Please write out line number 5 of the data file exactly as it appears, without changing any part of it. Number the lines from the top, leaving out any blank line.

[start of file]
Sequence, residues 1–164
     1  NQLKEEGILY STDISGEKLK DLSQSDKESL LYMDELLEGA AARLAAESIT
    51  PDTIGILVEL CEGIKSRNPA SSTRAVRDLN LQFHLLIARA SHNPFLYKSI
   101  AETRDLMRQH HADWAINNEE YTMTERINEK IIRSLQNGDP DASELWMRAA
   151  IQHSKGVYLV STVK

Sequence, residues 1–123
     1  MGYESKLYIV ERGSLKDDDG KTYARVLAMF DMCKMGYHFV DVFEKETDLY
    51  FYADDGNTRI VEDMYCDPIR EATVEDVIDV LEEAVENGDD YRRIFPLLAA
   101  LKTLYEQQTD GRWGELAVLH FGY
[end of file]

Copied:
   151  IQHSKGVYLV STVK